A good friend and colleague of mine gives her clients thoughtful Christmas gifts each year. For some years, I was fortunate to be on her Christmas list and attended her Christmas breakfasts. Always at some stunning venue in a botanical garden somewhere, or quaint new hidden gem she has found, they were legendary.
About ten years ago, I received my invitation to attend her Christmas breakfast. Without checking my diary, I accepted. When the morning of the breakfast finally came around, I was up extra early to be there on time. So was everyone else. Everyone was cheerful and there was Christmas jingles in the air. People were chatting to one another and catching up, many being regulars at her fabulous events.
That year, at the end of the breakfast and once she had said ‘thank-you’ to the guests in attendance, she lead everyone to the patio outside to collect their Christmas gift. This year it was a small sapling Acacia tree, ready to be replanted. I was so excited about my little indigenous tree and couldn’t wait to find a spot in my small garden to sink its permanent roots.
Being indigenous to South Africa, the tree flourished without much care. Through irregular rainfall with droughts and water restrictions in summer, and our cold, dry Highveld winters with frost that destroys anything ‘not of African origin,’ the little acacia was soon standing its ground. The tree started flowering with small yellow clusters of blossoms in spring and summer. Then, in winter it would lose everything again, including its leaves, leaving behind a stark, scraggly, tree with white, flaky bark on its trunk, and branches adorned with vicious thorns, akin to most African acacia species.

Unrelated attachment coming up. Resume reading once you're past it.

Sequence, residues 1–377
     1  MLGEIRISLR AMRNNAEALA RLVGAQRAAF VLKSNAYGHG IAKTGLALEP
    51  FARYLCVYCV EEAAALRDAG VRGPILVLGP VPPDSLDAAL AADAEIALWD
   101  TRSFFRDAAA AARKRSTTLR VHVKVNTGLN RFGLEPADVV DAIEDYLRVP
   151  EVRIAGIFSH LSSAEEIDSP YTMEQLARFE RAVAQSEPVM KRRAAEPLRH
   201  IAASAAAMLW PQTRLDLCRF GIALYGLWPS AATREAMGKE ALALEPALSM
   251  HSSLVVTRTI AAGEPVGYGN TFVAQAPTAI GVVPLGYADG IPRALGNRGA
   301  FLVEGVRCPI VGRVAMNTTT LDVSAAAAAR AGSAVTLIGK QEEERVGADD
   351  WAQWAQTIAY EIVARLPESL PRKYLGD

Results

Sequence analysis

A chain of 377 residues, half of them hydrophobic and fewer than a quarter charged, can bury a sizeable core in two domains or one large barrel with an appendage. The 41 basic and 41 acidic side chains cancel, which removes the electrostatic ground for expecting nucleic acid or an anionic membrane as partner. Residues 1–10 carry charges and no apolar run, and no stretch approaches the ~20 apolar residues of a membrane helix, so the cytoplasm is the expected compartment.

Today, the tree is towering over my garden, taking centre stage. Over the years as the tree grew larger, bird feeders were introduced, and a bird bath beneath in the shade. Local birds started arriving for a quick and easy meal. Mostly, it was common sparrows and doves at first, but then we started seeing more exotic species flying in for a treat.
This year, the tree brought a new surprise. Two pairs of finches have decided to build their nests on the tips of the long, thin, thorny branches. The birds love how they sway in the breeze.
Over the years, what started out as a token of appreciation and thanks for the year that passed, has become so much more. What struck me about this thoughtful gift, is the reminder of what giving should be about. The gift has never stopped ‘giving’. It has served as a constant reminder of the great friendship we share, a symbol of her generosity, and how much she cares.